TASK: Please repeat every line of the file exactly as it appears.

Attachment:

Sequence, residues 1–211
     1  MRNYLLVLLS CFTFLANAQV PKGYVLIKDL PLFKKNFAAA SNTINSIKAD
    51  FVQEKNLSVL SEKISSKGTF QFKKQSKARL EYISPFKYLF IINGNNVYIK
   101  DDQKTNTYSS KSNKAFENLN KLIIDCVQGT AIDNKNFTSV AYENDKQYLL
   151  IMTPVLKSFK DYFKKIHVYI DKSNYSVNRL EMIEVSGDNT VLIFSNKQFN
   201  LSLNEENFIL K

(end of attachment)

Sequence, residues 1–211
     1  MRNYLLVLLS CFTFLANAQV PKGYVLIKDL PLFKKNFAAA SNTINSIKAD
    51  FVQEKNLSVL SEKISSKGTF QFKKQSKARL EYISPFKYLF IINGNNVYIK
   101  DDQKTNTYSS KSNKAFENLN KLIIDCVQGT AIDNKNFTSV AYENDKQYLL
   151  IMTPVLKSFK DYFKKIHVYI DKSNYSVNRL EMIEVSGDNT VLIFSNKQFN
   201  LSLNEENFIL K